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Attorney for Wills

Attorney for Wills

If you die without a will, it means you have died “intestate.” When this happens, the intestacy laws of the state where you reside will determine how your property is distributed upon your death. This includes any bank accounts, securities, real estate, and other assets you own at the time of death. Real estate owned in a different state than where you resided will be handled under the intestacy laws of the state where the property is located.

The laws of intestate succession vary greatly depending on whether you were single or married, or had children. In most cases, your property is distributed in split shares to your “heirs,” which could include your surviving spouse, siblings, aunts and uncles, nieces, nephews, and distant relatives. Generally, when no relatives can be found, the entire estate goes to the state.

No Will – Single With No Children

If you are single and childless, your parents will receive your entire estate if they are both living. Otherwise it will be divided among your siblings (including half-siblings) and your surviving parent, if one parent has already died.
If you have no surviving parents at the time of your death, then your entire estate will be divided among siblings, in equal parts.
If there are no surviving parents, siblings, or descendant’s of siblings (nieces and nephews), then the relatives on your mother’s side would inherit one-half of the estate, with the other one-half passing to the relatives on your father’s side.

Dying With No Will – Single With Children

If you are single and have children, then your entire estate generally will go to your children, in equal shares. If any child has died before you, and that child has any children, then his or her share will go to your grandchildren.

Married With No Children and No Will

Depending on how your assets are owned when you die, your estate will either go entirely to your surviving spouse (if community property), or split between your surviving spouse, siblings and parents (if separate property).

No Will and Married With Children

If you are married with children, your entire estate will go to your surviving spouse (if all children are the children of your surviving spouse). Otherwise, your surviving spouse will receive up to one-half of the estate, with the remaining portion passing to your surviving children from another spouse or partner.

Passing Away With No Will for Unmarried Couples

Dying without a will can be devastating to unmarried couples who are living together. Because intestacy laws only recognize relatives, unmarried couples do not inherit the property of the other partner when one partner dies without a will. Unless there is a will which clearly states a person’s intentions when they die, the decedent’s property will be divided among relatives, depending on their relation to the decedent.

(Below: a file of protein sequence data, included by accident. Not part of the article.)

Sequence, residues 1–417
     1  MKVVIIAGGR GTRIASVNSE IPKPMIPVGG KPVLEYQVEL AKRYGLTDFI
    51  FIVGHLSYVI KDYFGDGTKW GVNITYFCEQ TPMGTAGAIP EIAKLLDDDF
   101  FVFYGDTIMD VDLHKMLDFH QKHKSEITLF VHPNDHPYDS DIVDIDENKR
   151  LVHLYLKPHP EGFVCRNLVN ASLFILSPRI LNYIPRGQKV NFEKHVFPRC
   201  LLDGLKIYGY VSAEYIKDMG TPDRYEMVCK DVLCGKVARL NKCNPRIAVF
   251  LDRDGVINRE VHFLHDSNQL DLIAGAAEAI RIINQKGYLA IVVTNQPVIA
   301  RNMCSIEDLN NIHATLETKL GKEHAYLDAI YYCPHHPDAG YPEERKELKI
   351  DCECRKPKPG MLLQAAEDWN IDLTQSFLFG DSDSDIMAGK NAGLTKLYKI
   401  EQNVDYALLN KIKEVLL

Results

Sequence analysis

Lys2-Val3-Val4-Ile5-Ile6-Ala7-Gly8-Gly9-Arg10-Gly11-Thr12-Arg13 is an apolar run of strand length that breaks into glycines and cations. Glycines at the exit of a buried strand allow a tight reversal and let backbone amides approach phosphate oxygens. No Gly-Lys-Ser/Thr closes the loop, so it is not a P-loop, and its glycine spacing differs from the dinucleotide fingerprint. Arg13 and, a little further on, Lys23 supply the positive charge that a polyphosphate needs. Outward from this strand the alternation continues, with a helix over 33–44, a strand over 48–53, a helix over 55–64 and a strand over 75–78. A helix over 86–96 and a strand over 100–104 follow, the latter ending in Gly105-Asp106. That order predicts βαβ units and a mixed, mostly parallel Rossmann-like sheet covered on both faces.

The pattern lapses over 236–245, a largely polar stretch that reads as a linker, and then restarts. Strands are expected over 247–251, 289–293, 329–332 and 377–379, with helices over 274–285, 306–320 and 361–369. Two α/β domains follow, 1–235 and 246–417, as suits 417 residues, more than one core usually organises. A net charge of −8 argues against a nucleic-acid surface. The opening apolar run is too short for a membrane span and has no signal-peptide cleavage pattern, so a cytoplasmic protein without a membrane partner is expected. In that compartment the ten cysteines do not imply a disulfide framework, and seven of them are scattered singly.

Domestic Partners With No Will

Special rules apply to domestic partners. Since not all states recognize domestic partnerships, it is important to check the laws of your particular state to learn how property is distributed upon your death. Generally, if you die without a will and are survived by a domestic partner, your domestic partner inherits the same as a surviving spouse, depending on how you owned the property.

Free Consultation with a Utah Estate Lawyer

When you need legal help with a will, probate or estate, please call Ascent Law for your free estate law consultation (801) 676-5506. We want to help you.

Michael R. Anderson, JD

Ascent Law LLC
8833 S. Redwood Road, Suite C
West Jordan, Utah
84088 United States

Telephone: (801) 676-5506
Ascent Law LLC
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About the Author

People who want a lot of Bull go to a Butcher. People who want results navigating a complex legal field go to a Lawyer that they can trust. That’s where I come in. I am Michael Anderson, an Attorney in the Salt Lake area focusing on the needs of the Average Joe wanting a better life for him and his family. I’m the Lawyer you can trust. I grew up in Utah and love it here. I am a Father to three, a Husband to one, and an Entrepreneur. I understand the feelings of joy each of those roles bring, and I understand the feeling of disappointment, fear, and regret when things go wrong. I attended the University of Utah where I received a B.A. degree in 2010 and a J.D. in 2014. I have focused my practice in Wills, Trusts, Real Estate, and Business Law. I love the thrill of helping clients secure their future, leaving a real legacy to their children. Unfortunately when problems arise with families. I also practice Family Law, with a focus on keeping relationships between the soon to be Ex’s civil for the benefit of their children and allowing both to walk away quickly with their heads held high. Before you worry too much about losing everything that you have worked for, before you permit yourself to be bullied by your soon to be ex, before you shed one more tear in silence, call me. I’m the Lawyer you can trust.